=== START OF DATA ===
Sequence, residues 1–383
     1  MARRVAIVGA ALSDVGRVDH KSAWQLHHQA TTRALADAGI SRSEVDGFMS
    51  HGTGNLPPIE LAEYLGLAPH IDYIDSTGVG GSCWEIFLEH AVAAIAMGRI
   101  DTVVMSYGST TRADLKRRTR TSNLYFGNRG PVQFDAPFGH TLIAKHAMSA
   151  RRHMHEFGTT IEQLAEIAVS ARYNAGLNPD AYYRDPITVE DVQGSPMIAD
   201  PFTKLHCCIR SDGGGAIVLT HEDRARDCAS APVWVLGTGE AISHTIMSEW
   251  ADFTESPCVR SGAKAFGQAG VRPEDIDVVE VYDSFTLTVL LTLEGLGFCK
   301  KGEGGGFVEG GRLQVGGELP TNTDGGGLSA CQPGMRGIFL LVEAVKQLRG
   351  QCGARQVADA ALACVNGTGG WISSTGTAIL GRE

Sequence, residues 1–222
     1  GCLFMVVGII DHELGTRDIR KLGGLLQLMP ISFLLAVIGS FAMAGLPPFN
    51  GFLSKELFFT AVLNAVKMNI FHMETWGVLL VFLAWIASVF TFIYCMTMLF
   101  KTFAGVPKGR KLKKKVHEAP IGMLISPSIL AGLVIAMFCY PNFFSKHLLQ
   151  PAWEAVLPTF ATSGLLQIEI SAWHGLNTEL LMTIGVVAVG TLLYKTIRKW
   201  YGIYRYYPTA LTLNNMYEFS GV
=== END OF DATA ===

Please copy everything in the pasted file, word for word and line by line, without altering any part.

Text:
Sequence, residues 1–383
     1  MARRVAIVGA ALSDVGRVDH KSAWQLHHQA TTRALADAGI SRSEVDGFMS
    51  HGTGNLPPIE LAEYLGLAPH IDYIDSTGVG GSCWEIFLEH AVAAIAMGRI
   101  DTVVMSYGST TRADLKRRTR TSNLYFGNRG PVQFDAPFGH TLIAKHAMSA
   151  RRHMHEFGTT IEQLAEIAVS ARYNAGLNPD AYYRDPITVE DVQGSPMIAD
   201  PFTKLHCCIR SDGGGAIVLT HEDRARDCAS APVWVLGTGE AISHTIMSEW
   251  ADFTESPCVR SGAKAFGQAG VRPEDIDVVE VYDSFTLTVL LTLEGLGFCK
   301  KGEGGGFVEG GRLQVGGELP TNTDGGGLSA CQPGMRGIFL LVEAVKQLRG
   351  QCGARQVADA ALACVNGTGG WISSTGTAIL GRE

Sequence, residues 1–222
     1  GCLFMVVGII DHELGTRDIR KLGGLLQLMP ISFLLAVIGS FAMAGLPPFN
    51  GFLSKELFFT AVLNAVKMNI FHMETWGVLL VFLAWIASVF TFIYCMTMLF
   101  KTFAGVPKGR KLKKKVHEAP IGMLISPSIL AGLVIAMFCY PNFFSKHLLQ
   151  PAWEAVLPTF ATSGLLQIEI SAWHGLNTEL LMTIGVVAVG TLLYKTIRKW
   201  YGIYRYYPTA LTLNNMYEFS GV